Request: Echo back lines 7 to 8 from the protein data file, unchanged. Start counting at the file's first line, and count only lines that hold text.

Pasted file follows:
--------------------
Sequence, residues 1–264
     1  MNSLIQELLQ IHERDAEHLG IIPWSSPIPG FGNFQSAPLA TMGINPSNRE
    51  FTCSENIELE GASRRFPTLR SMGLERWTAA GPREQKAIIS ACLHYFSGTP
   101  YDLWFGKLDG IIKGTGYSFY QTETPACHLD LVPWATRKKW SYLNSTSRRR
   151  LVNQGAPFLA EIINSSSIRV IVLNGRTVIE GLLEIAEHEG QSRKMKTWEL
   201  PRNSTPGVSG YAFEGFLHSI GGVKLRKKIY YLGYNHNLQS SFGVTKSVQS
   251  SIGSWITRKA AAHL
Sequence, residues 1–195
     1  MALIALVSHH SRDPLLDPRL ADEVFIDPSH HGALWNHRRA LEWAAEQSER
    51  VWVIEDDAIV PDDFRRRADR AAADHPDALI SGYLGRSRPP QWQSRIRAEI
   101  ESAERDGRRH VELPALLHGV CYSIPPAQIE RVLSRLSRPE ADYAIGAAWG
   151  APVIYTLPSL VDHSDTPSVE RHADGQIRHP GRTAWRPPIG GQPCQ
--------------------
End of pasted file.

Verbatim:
   251  SIGSWITRKA AAHL
Sequence, residues 1–195